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Despite Huge Push from Banks, Smaller Proportion of Filipinos Have Credit Cards. Here’s Why

A survey from MoneyMax.ph reveals the three biggest reasons why Filipinos choose not to have a credit card
By Lorenzo Kyle Subido |

 

 

According to the latest data from the World Bank’s Global Findex database, only 1.9 percent of Filipinos aged 15 and up owned a credit card in 2017, a decrease from 3.2 percent in 2014 and far below the 21.6-percent average of Asia Pacific, which includes 17 countries across the East Asia and Southeast Asia regions.

 

That isn’t for a lack of trying—many of the country’s largest banks have extensive credit card offerings and continue to promote them whether through dedicated booths inside malls or via advertising.

 

But while the country’s consistently low credit card penetration can be attributed to issues relating to financial literacy, a survey from financial comparison website MoneyMax.ph shows another side to the story.

 

In a survey with over 2,200 respondents, MoneyMax found that the top reason Filipinos do not have a credit card is the monthly interest rate that comes with it. As only one of several fees that need to be paid to maintain a credit card, 22 percent of survey respondents cited interest rates when asked why they do not own a credit card.

 

Nineteen percent of survey respondents pointed to the tedious approval process as the main deterrent from getting a credit card. While the study did not specify which factors of the approval process turned the respondents off, MoneyMax noted that making credit card applications easier is one of the main services of its website.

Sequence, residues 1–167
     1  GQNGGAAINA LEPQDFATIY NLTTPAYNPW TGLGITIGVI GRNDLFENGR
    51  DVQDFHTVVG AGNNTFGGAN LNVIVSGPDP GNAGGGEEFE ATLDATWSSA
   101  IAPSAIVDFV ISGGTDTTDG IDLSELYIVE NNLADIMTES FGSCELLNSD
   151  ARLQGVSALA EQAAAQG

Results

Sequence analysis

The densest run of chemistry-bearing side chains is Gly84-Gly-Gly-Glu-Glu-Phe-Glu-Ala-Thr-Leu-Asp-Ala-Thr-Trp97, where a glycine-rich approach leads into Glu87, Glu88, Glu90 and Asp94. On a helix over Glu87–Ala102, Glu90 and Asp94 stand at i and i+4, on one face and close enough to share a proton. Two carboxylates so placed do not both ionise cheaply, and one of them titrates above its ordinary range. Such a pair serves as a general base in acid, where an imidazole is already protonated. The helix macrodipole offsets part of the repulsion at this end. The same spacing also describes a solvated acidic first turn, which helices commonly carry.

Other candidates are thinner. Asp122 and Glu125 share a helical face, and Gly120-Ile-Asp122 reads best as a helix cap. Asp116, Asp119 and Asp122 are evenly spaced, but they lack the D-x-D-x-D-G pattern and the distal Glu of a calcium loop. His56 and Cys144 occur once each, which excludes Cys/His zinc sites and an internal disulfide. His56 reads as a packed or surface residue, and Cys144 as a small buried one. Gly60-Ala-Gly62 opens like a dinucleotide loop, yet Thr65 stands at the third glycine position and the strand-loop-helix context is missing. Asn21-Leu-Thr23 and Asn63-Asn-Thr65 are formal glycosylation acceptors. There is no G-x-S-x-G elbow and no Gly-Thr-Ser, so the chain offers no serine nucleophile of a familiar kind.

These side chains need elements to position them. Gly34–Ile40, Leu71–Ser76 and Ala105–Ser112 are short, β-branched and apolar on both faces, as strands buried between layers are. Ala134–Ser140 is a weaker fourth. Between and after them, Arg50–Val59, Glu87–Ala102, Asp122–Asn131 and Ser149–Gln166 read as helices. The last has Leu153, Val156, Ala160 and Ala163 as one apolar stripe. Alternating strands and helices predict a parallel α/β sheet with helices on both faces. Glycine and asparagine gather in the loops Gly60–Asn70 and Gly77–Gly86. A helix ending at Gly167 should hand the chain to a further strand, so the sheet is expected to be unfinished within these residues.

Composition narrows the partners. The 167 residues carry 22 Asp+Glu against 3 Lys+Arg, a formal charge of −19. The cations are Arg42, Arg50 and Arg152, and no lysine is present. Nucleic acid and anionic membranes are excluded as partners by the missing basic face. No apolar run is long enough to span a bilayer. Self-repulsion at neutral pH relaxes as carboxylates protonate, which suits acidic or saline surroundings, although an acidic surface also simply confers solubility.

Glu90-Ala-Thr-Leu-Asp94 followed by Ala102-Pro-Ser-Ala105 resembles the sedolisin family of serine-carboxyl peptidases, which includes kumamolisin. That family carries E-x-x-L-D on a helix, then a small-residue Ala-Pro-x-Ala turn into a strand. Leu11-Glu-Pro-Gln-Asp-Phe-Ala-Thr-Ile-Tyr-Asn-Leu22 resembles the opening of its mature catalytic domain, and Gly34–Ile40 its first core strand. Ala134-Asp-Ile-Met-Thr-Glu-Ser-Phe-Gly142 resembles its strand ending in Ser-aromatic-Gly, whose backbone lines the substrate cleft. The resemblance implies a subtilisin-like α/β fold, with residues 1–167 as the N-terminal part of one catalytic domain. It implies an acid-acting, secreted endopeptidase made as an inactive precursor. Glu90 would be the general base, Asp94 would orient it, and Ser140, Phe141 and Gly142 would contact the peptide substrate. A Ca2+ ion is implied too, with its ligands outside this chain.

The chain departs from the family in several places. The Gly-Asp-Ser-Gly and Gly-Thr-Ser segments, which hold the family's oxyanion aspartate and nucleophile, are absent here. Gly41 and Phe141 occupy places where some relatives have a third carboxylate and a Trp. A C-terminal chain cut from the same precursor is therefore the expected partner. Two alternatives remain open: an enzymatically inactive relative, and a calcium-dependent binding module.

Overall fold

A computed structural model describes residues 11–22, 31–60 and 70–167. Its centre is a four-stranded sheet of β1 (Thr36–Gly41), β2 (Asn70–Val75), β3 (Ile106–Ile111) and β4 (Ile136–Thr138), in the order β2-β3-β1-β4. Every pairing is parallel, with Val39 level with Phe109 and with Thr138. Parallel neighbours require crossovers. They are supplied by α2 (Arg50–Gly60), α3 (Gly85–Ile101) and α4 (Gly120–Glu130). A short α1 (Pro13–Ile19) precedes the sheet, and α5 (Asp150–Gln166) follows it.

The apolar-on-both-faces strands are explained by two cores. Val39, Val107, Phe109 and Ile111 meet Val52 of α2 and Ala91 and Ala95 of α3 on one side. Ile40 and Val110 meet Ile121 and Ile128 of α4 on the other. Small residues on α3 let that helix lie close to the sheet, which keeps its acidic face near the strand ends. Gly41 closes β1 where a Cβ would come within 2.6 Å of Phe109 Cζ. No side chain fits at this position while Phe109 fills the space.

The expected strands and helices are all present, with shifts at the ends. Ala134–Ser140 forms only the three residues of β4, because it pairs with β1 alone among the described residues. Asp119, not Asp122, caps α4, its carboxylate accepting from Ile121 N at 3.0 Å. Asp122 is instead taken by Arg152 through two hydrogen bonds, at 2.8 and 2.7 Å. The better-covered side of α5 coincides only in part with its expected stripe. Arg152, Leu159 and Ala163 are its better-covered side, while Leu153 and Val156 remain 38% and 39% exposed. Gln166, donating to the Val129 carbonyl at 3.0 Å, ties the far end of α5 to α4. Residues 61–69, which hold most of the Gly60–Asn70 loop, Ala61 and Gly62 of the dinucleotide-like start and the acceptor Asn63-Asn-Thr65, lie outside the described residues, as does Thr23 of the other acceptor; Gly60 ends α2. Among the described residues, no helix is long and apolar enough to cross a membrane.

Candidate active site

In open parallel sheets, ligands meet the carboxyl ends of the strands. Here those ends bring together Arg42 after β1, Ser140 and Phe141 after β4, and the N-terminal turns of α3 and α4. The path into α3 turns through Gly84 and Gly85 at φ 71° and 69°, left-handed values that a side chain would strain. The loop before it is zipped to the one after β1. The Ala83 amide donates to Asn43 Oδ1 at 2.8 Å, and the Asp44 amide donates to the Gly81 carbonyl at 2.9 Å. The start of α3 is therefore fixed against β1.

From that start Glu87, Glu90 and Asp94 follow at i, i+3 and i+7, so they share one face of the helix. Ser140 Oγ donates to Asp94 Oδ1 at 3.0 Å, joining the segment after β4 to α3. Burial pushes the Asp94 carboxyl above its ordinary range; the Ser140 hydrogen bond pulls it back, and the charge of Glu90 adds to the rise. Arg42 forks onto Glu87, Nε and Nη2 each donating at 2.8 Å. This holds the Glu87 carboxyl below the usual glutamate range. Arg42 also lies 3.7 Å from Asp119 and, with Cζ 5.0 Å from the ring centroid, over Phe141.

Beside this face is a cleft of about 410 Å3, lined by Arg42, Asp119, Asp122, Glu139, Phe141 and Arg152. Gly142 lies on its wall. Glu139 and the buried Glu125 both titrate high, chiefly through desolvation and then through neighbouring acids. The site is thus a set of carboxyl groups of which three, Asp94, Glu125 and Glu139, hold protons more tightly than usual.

Notably, many of the respondents attributed their lack of a credit card not to the product or the bank offering it, but to themselves. Eighteen percent of them cited “lack of financial discipline” as their reason for not having one, with MoneyMax explaining that owning a credit card can magnify their bad spending habits.

 

“While getting a credit card can be easy, the other major concerns indicate that the average Filipino considers owning a credit card as an expensive and burdening undertaking that can often lead to unwise spending,” wrote MoneyMax in the report. “The study showed that mismanaging their disposable income leads to overspending.”

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Established in 2014, MoneyMax allows users to easily learn about, compare and apply for various financial products through its online platform. Among the offerings it carries in its website are credit cards, loans, insurances and broadband plans. On average, MoneyMax services between 20,000 and 30,000 unique customers per month.

 

 

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Lorenzo Kyle Subido is a staff writer of Entrepreneur PH

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